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Proc Natl Acad Sci U S A. 2004 Feb 3;101(5):1147-52. Epub 2004 Jan 26.

Neanderthal taxonomy reconsidered: implications of 3D primate models of intra- and interspecific differences.

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  • 1Department of Anthropology, New York University, 25 Waverly Place, New York, NY 10003, USA. katerina.harvati@nyu.edu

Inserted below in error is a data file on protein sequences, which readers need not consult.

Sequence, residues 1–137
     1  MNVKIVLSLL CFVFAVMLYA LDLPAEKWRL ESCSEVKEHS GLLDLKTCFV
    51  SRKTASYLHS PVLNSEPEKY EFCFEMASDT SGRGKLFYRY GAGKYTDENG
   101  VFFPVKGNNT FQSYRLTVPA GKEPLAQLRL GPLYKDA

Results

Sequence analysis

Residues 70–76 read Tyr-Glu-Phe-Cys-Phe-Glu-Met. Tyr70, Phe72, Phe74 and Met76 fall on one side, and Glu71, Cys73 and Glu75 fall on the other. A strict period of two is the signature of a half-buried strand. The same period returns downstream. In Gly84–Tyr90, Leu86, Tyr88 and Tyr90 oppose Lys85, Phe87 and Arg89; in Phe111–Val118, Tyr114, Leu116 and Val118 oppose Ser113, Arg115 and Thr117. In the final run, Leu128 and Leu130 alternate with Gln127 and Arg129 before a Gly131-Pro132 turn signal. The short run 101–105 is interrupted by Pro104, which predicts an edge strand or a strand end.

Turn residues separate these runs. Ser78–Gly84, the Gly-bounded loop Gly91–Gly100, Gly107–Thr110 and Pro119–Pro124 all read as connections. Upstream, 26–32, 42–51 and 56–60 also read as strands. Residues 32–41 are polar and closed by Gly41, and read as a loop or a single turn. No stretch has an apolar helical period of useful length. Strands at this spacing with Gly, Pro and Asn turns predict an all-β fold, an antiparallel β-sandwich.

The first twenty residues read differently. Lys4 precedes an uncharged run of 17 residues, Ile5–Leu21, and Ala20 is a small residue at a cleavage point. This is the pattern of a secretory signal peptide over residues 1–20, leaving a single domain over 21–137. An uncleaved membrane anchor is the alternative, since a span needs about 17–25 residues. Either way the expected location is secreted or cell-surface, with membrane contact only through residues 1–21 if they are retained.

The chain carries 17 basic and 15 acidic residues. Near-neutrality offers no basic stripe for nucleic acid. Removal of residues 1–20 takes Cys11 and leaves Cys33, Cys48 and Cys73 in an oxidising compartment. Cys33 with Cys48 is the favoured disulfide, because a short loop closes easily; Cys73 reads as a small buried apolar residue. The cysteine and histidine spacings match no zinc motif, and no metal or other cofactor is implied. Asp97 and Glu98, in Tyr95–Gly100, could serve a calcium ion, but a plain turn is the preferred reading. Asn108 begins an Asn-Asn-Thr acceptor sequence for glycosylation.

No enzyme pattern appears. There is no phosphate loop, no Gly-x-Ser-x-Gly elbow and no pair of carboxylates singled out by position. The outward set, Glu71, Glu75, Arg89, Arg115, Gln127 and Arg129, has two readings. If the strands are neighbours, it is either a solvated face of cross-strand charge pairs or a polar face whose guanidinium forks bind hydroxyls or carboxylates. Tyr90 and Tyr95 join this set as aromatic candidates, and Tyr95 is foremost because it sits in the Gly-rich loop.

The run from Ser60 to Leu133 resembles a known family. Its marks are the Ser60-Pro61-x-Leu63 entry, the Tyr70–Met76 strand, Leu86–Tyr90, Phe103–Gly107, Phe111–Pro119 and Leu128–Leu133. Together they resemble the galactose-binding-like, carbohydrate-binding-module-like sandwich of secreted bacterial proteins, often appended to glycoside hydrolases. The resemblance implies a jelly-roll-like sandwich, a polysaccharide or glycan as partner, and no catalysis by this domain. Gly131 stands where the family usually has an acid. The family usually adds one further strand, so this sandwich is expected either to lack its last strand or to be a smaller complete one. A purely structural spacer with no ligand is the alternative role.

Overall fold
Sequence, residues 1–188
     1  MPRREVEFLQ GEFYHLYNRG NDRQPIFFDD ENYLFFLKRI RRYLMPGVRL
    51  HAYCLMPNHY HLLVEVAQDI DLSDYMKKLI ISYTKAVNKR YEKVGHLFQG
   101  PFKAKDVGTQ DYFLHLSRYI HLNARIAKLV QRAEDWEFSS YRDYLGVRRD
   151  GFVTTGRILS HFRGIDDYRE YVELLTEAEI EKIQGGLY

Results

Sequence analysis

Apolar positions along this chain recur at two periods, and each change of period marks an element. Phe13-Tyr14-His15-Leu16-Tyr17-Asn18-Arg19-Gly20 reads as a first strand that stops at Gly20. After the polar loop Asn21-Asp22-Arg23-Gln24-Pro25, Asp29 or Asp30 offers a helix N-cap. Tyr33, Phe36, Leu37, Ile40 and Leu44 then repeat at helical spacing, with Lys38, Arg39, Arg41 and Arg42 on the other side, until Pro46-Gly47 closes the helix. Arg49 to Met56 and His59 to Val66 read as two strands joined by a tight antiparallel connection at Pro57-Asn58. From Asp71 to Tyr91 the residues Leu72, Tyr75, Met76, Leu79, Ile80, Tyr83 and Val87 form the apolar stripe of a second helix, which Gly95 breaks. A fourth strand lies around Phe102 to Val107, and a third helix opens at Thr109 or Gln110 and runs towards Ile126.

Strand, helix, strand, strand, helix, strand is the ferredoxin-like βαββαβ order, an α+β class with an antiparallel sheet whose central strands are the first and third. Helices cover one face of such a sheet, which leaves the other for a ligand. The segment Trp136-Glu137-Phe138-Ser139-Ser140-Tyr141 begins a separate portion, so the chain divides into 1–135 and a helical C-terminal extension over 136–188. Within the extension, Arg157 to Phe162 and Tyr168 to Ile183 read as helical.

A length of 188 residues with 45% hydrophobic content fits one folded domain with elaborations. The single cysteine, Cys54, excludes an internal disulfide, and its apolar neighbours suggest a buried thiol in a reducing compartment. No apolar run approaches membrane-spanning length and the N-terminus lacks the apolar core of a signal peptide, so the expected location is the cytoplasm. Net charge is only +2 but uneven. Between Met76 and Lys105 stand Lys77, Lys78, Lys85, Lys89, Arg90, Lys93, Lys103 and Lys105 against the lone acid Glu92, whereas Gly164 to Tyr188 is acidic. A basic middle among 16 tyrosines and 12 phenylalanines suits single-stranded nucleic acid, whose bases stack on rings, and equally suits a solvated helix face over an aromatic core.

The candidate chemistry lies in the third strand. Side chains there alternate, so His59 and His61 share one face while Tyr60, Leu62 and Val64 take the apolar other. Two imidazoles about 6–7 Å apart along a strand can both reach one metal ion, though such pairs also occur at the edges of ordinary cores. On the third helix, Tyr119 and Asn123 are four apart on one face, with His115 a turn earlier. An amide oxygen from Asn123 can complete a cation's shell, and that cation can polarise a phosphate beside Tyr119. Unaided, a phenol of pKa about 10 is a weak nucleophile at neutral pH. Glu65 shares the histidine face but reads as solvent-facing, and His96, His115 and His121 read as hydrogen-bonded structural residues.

The taxonomic status of Neanderthals lies at the center of the modern human origins debate. Proponents of the single-origin model often view this group as a distinct species with little or no contribution to the evolution of modern humans. Adherents to the regional continuity model consider Neanderthals a subspecies or population of Homo sapiens, which contributed significantly to the evolution of early modern Europeans. Paleontologists generally agree that fossil species should be equivalent to extant ones in the amount of their morphological variation. Recognition of fossil species therefore hinges on analogy to living species. A previous study by one of the authors and recent work by other researchers [Schillachi, M. A. & Froelich, J. W. (2001) Am. J. Phys. Anthropol. 115, 157-166] have supported specific status for Neanderthals based on analogy to chimpanzees and Sulawesi macaques, respectively. However, these taxa may not be the most appropriate models for Pleistocene humans. Here we test the hypothesis that Neanderthals represent a subspecies of H. sapiens by comparing the degree of their morphological differentiation from modern humans to that found within and between 12 species of extant primates. The model taxa comprised >1,000 specimens, including phylogenetic (modern humans and African apes) and ecological (eight papionin taxa) models for Pleistocene humans. Morphological distances between model taxon pairs were compared to the distances between Neanderthals and modern humans obtained by using a randomization technique. Results strongly support a specific distinction for Neanderthals.

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